Six cases in English?

A few weeks ago, I received the following question from Nicola McLelland, on behalf of Martin Durrell.

"I certainly remember (and may have told you about) an English grammar which my father had at home when I was a boy. This listed six cases for English, i.e.

  • Nominative ‘the man’
  • Vocative ‘O man!’
  • Accusative ‘the man’
  • Genitive ‘of the man’
  • Dative ‘to the man’
  • Ablative ‘by the man’

I don’t know what happened to the book later, but I remembered it when I started doing linguistics and heard about the horrors of ‘traditional grammar’, which it seemed to be a classic example of. I can’t remember the author, but I recall mentioning it to David Denison and Sylvia Adamson in the not-too far distant past, and they confirmed that it was not unusual. It may go back to the notorious Bishop Lowth, but I can ask colleagues in English Language if you are interested."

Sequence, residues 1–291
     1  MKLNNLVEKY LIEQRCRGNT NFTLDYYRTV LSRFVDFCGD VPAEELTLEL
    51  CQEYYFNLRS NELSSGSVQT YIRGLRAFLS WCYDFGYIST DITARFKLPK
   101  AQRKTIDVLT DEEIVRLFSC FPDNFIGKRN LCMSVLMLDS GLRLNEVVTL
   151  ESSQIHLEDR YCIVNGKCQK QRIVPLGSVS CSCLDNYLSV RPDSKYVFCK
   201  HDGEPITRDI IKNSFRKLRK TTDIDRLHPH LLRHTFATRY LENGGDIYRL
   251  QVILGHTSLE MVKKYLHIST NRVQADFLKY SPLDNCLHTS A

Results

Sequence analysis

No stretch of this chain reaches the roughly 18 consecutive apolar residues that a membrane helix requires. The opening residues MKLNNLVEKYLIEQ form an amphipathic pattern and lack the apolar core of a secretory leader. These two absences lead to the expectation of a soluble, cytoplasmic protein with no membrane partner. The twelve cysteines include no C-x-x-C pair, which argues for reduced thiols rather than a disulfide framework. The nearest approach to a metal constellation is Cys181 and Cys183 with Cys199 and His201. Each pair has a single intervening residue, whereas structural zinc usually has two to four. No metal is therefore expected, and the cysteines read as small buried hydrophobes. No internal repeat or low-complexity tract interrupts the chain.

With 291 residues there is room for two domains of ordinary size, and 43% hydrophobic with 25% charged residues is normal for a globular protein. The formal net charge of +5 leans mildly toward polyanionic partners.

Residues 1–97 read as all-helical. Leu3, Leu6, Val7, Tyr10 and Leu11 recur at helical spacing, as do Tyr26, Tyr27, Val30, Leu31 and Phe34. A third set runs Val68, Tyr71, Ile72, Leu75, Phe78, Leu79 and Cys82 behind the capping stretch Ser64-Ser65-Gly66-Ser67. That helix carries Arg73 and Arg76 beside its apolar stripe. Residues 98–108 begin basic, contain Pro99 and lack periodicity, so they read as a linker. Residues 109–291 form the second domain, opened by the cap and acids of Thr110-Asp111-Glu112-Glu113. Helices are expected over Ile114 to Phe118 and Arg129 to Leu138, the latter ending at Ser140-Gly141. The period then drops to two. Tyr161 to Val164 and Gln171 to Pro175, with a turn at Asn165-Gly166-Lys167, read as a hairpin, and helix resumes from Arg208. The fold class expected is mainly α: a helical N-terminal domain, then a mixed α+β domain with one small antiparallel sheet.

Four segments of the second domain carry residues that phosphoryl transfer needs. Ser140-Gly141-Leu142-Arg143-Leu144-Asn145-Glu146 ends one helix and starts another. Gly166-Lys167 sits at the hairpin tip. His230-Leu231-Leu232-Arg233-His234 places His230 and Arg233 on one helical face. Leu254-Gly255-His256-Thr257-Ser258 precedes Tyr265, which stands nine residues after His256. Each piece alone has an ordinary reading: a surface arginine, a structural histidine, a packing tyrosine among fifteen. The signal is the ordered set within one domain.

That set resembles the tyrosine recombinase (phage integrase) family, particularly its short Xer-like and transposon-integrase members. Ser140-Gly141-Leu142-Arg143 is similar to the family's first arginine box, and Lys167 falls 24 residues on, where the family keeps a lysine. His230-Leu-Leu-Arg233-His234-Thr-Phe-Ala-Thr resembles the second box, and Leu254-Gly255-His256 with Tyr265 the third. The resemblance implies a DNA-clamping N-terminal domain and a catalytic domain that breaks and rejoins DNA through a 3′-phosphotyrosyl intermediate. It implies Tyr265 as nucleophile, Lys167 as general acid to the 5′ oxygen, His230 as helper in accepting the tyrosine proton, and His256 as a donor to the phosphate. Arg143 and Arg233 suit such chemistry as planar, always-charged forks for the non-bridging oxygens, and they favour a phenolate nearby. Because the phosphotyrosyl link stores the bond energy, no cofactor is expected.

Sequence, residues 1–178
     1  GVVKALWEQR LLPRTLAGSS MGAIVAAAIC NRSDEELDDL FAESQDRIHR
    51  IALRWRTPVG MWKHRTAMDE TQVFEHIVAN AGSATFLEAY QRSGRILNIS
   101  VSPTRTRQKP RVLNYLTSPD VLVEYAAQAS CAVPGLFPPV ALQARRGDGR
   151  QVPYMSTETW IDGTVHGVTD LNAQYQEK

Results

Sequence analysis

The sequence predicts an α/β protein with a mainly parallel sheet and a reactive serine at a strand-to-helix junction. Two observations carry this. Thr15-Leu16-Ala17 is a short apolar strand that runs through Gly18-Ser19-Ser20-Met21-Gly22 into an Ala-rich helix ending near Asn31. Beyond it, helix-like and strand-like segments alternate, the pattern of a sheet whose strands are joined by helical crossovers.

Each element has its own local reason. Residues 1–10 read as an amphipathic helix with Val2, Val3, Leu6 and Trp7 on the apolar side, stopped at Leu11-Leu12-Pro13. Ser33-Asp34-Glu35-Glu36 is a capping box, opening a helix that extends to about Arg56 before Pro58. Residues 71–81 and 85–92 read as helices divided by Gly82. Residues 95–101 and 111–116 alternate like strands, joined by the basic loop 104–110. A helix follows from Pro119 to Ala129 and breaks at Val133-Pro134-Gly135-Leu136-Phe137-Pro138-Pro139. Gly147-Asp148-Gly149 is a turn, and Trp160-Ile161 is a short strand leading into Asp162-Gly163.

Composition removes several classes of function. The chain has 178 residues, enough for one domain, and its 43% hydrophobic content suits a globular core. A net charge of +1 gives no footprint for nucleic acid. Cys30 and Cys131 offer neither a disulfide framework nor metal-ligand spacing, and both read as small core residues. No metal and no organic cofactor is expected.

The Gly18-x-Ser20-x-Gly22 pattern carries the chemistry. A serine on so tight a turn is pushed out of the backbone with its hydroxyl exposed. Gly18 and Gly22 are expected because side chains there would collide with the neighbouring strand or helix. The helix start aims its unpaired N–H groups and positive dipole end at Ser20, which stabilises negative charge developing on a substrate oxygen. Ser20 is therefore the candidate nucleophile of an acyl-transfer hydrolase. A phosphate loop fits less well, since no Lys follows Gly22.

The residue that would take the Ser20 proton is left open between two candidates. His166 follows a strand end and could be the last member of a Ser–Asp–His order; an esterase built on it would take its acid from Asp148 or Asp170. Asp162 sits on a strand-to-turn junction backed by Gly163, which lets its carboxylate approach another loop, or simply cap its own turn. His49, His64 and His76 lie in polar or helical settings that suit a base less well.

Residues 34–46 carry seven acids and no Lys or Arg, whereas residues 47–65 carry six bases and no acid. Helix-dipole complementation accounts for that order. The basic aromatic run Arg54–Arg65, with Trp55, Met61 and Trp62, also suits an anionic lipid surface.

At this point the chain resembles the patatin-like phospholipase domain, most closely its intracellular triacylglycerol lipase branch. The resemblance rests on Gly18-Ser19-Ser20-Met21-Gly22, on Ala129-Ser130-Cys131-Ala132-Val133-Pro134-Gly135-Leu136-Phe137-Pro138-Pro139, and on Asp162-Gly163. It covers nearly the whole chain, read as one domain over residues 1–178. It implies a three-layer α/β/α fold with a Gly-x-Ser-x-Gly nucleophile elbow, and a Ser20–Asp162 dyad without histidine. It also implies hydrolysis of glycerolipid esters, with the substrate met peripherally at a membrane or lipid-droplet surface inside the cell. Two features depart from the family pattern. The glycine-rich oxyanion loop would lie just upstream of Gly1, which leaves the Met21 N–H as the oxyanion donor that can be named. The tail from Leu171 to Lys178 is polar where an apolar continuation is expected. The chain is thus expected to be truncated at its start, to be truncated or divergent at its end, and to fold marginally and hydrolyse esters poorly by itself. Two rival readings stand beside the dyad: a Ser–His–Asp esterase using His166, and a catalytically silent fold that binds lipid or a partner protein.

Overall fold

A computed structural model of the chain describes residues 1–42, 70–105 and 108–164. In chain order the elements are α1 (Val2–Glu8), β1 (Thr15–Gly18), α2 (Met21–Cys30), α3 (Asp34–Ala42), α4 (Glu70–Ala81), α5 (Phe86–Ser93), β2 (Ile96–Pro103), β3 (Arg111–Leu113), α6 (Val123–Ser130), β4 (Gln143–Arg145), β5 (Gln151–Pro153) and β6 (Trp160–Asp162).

Nicola ask: "Do you know any more about how common that still was in the 20th C? And/or can you name any examples? Or is it too recent for you? It’s interesting to me because it’s step ‘backwards’ from earlier grammars in English, of course…".

Reacties will be welcome. Nicola is particularly interested in all this in connection with any possible links with German. I know for a fact that it didn’t originate with Lowth, but at the same time it doesn’t look completely unusual to me. More information might be found in Michael’s English Grammatical Categories (1970).

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  1. ingrid tieken

    Carol Percy, in her article on Lowth’s grammar of 1997, confirms this: “nowhere in his grammar does Lowth use the terms ‘vocative’, ‘dative’, or ‘ablative’, terms which still graced other texts in mid-century”.

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